Periods of Mughal rulers

The present judicial system of India is at large, a part of the inheritance India received from the British after more than 200 years of their colonial rule and the same is obvious from the many similarities the Indian legal system shares with the English legal system.

Earlier Muslims came to India when they conquered Sindh in 712 A.D. The Delhi Sultanate came into existence in 1206, when Qutubuddin Aibak of the Slave dynasty became the first independent Sultan of Delhi. From 1206 to 1526 five different dynasties- the Slaves, the Khaljis, the Thughluqs, the Sayyids and the Lodhis ruled India. The Mughal dynasty was established in 1526 and continued till 1857, it was in decay since the death of Aurangzeb Alamghir in 1707.

The foundations of the British Empire in India was laid down by East India Company which was organised to further British interest in overseas countries. The representative of the Company arrived in India in 1604 and by the 1661 the Company had factories in Surat, Madras and Bombay.

The Company delivered justice arbitrarily which could be called as ‘trader’s justice’ because the Company’s officials were all traders and had no knowledge of law. However, after its coming the East India Company slowly and gradually started interfering in the local justice system by acquiring revenue collection of 38 villages in 1717 near Calcutta.

Soon the Company also acquired the administration of justice in the areas under its control and the role of Muslim qazis and judges was over. Company’s officials became judges without any formal training and at the time the Privy Council was born as the highest court of appeal.

Coming of Britishers

Since the establishment of East India Company was made to promote British interests in India, the expansion of Company’s judicial jurisdiction and enactment of different judicial acts took place simultaneously. Further after the battle of Plassey, the Company installed Mir Zafar as the Nawab of Calcutta who ceded the Zamindari of the 24 Parganas to the Company which now controlled 800 square miles of area called ‘moffussil’.

The Company provided the adalat system for the administration of justice in the moffussil. The 1772 plan provided for a moffussil Diwani Adalat in each district with collector as judge to decide civil cases.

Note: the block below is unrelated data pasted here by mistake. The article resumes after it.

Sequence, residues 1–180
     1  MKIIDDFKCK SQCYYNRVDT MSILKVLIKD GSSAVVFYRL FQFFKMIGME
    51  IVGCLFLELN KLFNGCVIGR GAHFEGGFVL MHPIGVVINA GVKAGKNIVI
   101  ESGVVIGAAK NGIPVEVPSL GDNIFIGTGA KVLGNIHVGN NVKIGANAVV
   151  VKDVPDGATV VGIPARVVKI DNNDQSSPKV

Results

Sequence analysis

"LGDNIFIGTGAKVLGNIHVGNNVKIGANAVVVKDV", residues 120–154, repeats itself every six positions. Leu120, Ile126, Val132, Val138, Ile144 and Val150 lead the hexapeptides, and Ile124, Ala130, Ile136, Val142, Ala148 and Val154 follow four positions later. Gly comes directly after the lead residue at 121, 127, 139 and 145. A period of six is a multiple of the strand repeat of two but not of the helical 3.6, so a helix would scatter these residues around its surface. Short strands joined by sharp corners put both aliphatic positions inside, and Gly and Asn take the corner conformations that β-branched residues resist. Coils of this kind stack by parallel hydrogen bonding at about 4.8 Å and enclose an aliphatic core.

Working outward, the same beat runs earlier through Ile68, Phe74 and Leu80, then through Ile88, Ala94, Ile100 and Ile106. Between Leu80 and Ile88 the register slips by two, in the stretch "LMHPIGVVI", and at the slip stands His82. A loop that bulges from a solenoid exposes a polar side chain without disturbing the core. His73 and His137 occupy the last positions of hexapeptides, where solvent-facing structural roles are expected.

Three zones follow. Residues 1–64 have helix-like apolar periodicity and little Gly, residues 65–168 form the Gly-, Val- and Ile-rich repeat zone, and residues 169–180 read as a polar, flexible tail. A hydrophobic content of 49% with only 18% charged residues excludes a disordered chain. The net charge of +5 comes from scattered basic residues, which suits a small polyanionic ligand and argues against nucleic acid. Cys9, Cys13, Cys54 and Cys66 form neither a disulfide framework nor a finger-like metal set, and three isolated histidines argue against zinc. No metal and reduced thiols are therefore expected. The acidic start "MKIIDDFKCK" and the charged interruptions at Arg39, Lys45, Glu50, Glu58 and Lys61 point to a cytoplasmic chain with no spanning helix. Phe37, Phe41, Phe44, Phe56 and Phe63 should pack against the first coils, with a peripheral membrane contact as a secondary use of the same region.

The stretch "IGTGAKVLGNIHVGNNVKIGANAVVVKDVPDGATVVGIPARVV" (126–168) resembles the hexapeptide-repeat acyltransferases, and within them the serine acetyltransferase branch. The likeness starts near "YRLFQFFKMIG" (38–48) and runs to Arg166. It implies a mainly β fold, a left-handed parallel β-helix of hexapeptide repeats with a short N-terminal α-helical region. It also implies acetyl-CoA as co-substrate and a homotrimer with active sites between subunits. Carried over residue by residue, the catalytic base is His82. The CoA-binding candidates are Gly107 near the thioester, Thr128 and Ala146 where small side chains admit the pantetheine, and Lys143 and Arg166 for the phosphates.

For Muslims the court was to apply the Quran while for Hindus it was applying Shaster. The Regulations of 1793 referred to Hindu law and Mohammedan laws instead of Quran and Shaster. In case of Muslim cases the collector was to be advised by the Qazi while in case of Hindus, by a Pandit.

In an important decision on December 3, 1790 the Criminal justice system was taken from the Muslim Qazis, Muftis and Maulvis and was given in the hands of the Company’s English servants. The Regulation Act of 1773 authorised the Supreme Court in Calcutta to enrol English, Irish and Scottish attorney at law.

Likewise in 1793 Cornwallis created a regular profession authorising the Sadar Diwani Adalat to enrol pleaders or vakeels, for both Hindus and Muslims for all Company’s courts. The 1857 war of independence changed the fate of India. The Bill of 1858 gave all territories in the possession or under the government of the East India Company to the Crown. However, before the take-over by the Crown the East India Company had done the groundwork for the colonisation of the subcontinent.

The British rulers changed the whole administration of the country, especially the law and justice. The British East India Company established a system of courts in each of the three Presidencies. The types of courts and their jurisdiction varied from Presidency to Presidency, until the Crown replaced the Company’s administration and greater uniformity in the entire judicial structure became possible.